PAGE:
Special to the Tribune-Star
TERRE HAUTE —
An All American Concert featuring the Indiana State University Wind Orchestra is planned for 7:30 p.m. Friday at Tilson Auditorium on the ISU campus.
This is the wind orchestra’s closing concert of the season and will feature music composed by some of the most important and influential American composers in history.
The concert is free and will include “Fanfare for the Common Man” by Aaron Copland. It was composed in 1942 and was written to foster the American spirit in a time of war and sacrifice. The selection reflects the nobility, strength and fortitude of the common American.
Also part of the performance will be “New England Triptych” (pronounced trip-tick), composed by the powerful American composer and teacher William Schuman in 1956 and based on church and patriotic songs written by American Revolutionary songwriter William Billings.
The first movement, “Be Glad Then, America,” celebrates America’s bounty, and Schuman’s setting is celebratory of the gifts God gave America.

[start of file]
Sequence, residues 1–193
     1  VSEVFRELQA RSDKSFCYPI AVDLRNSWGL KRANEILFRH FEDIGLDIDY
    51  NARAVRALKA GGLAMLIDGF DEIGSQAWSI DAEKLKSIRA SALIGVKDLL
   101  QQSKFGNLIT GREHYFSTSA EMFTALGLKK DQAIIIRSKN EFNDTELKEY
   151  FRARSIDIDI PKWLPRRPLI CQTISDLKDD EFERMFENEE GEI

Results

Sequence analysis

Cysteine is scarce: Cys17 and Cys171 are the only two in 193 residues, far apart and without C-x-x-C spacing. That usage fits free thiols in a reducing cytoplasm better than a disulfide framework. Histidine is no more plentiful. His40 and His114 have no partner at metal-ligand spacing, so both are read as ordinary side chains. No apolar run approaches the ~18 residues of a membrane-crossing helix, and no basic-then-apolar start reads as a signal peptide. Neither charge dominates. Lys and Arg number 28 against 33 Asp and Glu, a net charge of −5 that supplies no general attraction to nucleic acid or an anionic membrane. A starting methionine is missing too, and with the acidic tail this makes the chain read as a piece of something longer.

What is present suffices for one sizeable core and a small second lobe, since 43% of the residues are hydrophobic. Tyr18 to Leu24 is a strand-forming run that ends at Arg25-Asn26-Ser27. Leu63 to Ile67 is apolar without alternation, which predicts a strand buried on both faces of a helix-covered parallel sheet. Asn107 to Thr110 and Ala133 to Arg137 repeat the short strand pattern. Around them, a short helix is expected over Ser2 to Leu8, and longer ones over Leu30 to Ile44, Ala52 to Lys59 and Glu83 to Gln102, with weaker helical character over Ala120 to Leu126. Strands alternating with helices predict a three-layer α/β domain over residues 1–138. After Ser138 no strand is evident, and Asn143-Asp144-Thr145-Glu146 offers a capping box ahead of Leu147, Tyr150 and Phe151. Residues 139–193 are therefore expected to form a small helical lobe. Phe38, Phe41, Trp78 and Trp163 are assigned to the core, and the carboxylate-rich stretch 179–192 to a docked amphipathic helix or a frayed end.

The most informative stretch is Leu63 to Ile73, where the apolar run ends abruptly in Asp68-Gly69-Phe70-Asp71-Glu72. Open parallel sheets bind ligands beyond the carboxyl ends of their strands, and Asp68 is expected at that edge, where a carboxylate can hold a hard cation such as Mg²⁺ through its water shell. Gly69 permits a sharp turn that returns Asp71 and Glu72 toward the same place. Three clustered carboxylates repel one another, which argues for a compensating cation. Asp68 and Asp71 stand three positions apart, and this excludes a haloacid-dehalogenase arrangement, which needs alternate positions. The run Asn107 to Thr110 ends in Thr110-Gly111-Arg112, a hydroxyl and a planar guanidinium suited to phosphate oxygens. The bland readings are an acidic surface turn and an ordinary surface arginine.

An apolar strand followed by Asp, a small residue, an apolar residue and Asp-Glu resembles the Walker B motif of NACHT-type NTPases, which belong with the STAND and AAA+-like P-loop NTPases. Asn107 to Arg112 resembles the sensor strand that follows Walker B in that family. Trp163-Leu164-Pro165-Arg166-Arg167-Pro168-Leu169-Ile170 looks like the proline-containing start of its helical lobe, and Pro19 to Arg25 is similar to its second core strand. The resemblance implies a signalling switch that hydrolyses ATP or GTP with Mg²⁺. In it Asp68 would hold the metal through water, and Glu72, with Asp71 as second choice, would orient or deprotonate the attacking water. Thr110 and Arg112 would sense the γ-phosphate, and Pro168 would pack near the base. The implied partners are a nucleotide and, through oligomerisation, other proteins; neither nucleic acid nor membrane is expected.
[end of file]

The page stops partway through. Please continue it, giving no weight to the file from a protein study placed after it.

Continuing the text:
The gentle tones of the second movement, “When Jesus Wept,” constitute a gesture of simple blessing and reverence.
The final movement, “Chester,” is a church hymn that was used by the Continental Army of the American Colonies as a marching song and combines the religious and patriotic elements of the previous two movements.
Also part of the concert is “An American Elegy,” written by a new American composer, Frank Tichelli. The piece is, above all, an expression of hope. It was composed in memory of those who lost their lives at Columbine High School on April 20, 1999, and to honor the survivors.
It is offered as a tribute to their strength and courage in the face of a tragedy and serves as a reminder of how fragile and precious life is and how intimately connected are all human beings.
Composer Henry Fillimore had a career that spanned more than 50 years and was one of America’s most prolific composers of “the march.” It is estimated that he wrote 250 original compositions for band.
“The Klaxon” was written in March of 1929 for the opening of the Cincinnati Automobile Show and bears the subtitle March of the Automobiles. It was inspired by the U.S. auto industry.